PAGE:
Monday, November 21, 2005

Setting boundaries is a teaching process |

One of the more difficult aspects of teaching children to become adults is helping children to take ownership of right and wrong. Recently, was was talking to a professional about first year college students. Too many of those student find themselves in trouble because their voice of moral reason has been removed from their lives. Most college students find that they have much more freedom than living at home. How they use that freedom is greatly dependant upon how much they personally own the moral system their parents tried to teach to them.

"Setting boundaries is a teaching process" is an article published on It offers a helpful guide for developing boundaries in children through different stages of life. If appropriate boundaries are taught at each developmental stage, presumably children will take ownership of the values that the boundaries demonstrate.

How to set boundaries through the stages
Even babies should be stopped from doing something wrong. Wag your finger and say no, or find another nonviolent way to convey displeasure. Never, ever shake a baby, which can kill, blind or cause brain damage.

Toddlers are inherently curious and lack impulse control, so they have to be reigned in often. Encourage their natural inclination toward exploration, but teach them how to do it safely and at appropriate times.

Most parenting experts oppose corporal punishment. Among other things, those who are spanked are more likely to be violent themselves. If you do spank, limit to a few strokes with a bare hand and avoid the face, neck and head. Spanking that leaves bruises, draws blood or breaks bones is illegal and abusive.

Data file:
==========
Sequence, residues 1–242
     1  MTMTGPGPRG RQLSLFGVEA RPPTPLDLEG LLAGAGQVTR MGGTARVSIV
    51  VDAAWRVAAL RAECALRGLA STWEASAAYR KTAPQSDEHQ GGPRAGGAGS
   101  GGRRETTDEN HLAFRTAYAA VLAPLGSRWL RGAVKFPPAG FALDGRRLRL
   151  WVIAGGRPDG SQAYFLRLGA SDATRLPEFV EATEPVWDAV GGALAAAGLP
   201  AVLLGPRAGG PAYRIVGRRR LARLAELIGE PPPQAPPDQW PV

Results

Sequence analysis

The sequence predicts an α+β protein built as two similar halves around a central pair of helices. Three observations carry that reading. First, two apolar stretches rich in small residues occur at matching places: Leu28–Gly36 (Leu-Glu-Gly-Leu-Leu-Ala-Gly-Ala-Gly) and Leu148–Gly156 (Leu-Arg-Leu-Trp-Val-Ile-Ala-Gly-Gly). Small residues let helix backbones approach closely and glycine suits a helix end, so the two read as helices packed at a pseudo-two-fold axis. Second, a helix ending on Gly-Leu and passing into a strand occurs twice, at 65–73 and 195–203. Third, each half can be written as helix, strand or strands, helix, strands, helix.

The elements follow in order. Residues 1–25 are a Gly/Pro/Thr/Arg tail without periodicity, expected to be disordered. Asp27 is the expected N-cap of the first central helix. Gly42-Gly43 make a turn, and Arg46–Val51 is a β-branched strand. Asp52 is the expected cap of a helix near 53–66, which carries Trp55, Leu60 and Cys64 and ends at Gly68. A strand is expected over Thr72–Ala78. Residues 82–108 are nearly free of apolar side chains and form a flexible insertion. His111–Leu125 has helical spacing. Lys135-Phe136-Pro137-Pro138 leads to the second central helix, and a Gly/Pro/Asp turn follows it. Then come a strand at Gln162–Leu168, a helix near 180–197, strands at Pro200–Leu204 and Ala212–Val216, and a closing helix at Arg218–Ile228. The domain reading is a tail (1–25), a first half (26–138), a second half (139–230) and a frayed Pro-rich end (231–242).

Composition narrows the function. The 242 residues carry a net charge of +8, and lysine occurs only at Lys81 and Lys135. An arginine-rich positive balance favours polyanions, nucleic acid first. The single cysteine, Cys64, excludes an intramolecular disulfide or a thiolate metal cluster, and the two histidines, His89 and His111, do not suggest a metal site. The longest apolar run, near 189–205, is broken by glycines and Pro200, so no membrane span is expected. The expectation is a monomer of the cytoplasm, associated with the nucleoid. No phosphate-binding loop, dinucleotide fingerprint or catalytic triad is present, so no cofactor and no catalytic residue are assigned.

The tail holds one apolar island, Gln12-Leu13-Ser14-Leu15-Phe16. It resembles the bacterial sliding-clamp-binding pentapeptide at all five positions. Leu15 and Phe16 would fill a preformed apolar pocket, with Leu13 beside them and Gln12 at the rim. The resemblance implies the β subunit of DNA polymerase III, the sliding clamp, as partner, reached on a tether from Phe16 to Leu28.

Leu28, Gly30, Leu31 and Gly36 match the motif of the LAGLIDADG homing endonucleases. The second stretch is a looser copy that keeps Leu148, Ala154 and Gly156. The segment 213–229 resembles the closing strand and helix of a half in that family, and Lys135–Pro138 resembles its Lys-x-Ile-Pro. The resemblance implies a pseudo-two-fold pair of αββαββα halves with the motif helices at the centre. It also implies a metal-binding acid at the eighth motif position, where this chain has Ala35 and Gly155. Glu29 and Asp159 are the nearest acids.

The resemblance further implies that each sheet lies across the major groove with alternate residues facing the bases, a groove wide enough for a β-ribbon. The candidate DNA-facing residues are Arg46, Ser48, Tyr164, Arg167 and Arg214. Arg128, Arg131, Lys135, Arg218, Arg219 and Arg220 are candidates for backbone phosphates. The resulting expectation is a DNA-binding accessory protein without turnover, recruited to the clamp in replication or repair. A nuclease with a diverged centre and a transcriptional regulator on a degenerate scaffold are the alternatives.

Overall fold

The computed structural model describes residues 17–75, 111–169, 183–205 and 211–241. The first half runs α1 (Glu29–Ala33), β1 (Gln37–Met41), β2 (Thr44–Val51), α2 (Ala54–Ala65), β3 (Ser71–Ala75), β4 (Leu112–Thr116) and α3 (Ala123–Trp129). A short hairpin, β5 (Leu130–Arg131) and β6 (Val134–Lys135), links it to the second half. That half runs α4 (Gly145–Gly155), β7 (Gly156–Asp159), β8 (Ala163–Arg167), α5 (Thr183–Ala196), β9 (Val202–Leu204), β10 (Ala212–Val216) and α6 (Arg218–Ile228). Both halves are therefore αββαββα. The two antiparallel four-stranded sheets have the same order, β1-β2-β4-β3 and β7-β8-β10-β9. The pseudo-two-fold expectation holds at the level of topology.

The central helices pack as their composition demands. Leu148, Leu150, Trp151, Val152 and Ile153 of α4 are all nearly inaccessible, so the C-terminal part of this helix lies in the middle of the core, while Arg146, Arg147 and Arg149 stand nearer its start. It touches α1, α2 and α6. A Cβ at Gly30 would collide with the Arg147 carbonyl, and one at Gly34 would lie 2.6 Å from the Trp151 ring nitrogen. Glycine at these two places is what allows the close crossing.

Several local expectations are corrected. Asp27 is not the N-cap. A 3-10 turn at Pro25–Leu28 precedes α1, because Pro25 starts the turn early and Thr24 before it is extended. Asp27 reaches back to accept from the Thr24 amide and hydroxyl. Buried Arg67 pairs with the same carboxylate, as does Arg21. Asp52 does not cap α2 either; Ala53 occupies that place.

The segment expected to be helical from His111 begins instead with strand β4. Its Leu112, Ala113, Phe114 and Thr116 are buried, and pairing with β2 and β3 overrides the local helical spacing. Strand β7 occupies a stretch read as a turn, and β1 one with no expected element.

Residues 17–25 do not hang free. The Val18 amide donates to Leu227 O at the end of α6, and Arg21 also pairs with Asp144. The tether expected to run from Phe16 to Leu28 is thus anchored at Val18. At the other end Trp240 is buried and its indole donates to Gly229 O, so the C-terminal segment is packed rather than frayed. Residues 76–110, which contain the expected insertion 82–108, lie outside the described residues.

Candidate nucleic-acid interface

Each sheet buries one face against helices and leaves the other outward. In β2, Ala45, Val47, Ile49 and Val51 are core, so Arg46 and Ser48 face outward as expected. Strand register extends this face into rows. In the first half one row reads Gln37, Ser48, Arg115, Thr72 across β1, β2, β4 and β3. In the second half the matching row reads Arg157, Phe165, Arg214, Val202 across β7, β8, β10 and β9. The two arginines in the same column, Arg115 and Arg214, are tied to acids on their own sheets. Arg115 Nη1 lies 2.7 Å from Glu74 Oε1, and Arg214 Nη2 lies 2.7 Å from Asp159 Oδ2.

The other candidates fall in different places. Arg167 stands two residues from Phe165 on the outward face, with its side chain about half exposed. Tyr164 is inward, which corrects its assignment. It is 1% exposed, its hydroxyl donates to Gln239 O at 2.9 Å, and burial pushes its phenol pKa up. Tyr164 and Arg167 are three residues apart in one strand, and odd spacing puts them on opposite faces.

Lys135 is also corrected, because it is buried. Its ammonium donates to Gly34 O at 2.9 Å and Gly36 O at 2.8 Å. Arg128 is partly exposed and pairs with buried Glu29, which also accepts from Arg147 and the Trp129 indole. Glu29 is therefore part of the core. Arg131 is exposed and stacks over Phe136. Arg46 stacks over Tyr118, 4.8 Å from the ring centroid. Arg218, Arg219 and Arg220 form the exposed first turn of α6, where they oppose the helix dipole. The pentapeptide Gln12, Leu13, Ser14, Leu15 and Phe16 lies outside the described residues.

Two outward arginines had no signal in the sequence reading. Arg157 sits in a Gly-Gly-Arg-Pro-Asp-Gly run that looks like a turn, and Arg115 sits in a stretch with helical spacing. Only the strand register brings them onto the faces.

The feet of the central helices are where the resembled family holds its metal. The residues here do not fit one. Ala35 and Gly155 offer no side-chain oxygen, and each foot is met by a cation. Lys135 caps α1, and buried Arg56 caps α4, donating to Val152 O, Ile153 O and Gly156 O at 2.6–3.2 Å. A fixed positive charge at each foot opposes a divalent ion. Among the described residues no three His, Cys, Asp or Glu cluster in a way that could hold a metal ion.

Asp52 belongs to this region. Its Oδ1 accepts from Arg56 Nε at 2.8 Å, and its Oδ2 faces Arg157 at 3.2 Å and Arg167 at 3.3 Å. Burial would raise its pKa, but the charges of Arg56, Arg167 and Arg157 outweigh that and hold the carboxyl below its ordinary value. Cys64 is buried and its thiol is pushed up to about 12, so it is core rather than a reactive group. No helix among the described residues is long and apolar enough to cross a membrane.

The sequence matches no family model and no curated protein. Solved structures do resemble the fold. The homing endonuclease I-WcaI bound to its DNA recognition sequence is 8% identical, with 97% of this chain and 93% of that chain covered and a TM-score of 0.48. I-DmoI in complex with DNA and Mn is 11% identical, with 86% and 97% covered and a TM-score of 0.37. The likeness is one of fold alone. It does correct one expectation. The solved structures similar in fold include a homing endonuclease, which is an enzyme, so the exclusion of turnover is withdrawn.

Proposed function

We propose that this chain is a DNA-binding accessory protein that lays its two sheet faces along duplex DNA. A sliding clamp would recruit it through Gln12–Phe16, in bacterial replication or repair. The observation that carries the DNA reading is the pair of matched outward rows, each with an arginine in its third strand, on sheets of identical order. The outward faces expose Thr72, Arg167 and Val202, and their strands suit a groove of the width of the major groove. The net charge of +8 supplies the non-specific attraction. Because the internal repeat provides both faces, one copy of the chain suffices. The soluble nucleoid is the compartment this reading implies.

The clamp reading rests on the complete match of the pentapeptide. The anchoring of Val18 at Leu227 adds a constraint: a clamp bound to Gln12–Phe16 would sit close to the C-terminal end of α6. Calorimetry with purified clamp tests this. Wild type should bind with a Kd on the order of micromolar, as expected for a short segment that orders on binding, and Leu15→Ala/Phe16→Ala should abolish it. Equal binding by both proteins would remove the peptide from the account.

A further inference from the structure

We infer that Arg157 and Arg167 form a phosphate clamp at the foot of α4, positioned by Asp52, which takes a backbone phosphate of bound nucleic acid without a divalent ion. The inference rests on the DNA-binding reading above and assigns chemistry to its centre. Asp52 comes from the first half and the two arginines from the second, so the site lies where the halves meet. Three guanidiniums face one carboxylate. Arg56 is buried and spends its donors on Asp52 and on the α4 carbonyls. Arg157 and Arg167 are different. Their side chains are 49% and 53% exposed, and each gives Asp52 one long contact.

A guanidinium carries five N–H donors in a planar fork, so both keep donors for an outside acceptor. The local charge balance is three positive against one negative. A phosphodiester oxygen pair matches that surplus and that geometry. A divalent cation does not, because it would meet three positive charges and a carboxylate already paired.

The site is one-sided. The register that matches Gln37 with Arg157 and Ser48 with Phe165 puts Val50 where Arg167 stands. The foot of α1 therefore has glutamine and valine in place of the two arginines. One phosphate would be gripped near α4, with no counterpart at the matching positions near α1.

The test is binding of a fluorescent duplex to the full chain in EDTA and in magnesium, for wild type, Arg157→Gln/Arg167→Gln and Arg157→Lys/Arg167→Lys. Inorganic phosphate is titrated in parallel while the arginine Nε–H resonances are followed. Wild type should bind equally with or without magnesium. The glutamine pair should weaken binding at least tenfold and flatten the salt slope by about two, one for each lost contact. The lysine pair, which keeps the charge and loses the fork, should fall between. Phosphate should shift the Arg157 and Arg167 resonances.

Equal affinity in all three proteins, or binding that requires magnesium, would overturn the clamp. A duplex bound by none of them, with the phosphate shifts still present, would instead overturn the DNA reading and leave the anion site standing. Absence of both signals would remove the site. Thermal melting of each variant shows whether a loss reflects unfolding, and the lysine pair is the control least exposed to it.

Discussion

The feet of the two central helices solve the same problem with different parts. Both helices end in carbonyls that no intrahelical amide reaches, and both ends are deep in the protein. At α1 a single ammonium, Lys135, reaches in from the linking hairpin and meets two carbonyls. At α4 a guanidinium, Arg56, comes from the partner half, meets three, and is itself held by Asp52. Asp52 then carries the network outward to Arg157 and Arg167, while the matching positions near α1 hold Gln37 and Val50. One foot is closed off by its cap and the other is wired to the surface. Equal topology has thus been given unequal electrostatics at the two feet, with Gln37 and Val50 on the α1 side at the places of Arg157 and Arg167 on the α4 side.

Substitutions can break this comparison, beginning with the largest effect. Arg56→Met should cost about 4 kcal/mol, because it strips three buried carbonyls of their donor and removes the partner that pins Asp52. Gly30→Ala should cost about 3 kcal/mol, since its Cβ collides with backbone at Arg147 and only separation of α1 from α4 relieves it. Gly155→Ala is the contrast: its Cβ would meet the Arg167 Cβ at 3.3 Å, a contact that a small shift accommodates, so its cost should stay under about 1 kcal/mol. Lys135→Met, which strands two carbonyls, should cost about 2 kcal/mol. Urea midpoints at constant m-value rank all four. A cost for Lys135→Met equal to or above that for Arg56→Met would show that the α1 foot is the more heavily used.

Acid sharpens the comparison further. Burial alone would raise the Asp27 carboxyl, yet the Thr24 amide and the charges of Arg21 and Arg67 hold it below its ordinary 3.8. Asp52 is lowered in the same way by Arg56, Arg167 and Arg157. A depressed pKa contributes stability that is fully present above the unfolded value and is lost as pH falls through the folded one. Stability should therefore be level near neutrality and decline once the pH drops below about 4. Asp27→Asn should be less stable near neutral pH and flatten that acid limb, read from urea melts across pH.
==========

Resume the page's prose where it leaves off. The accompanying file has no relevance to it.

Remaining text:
Elementary school
Children at this stage are slightly more independent, but still need close supervision. Go over the rules frequently, and remind children of established boundaries when you see violations looming. Punish swiftly after an infraction, and clearly state the reason for punishment. The punishment should fit the crime and be applied consistently.

Gradually increase freedom to test adherence to family rules when children are on their own. If the children prove trustworthy, reward them for good behavior. If they do not, decrease freedom. Discuss your position on drinking, drugs and pre-marital sex often, and be sure children are adequately supervised, especially during after-school hours.

Gradually shift teens to independence, but remain vigilant on such matters as chores, curfews, homework and grades. If you have strong feelings about clothing, piercing and hairstyles, make sure your teenager knows that. Establish clear boundaries related to drinking, driving, dating, drugs and sex, and enforce limits consistently.

-- Compiled by Courtenay Edelhart (Published on

[Note: I don't agree fully with the author's corporal punishment analysis. There are still many parenting experts who believe corporal punishment, when used in the right context can be an appropriate expression of love. Dr. Tim Kimmil offers some questions to help the family think through the issue of corporal punishment.]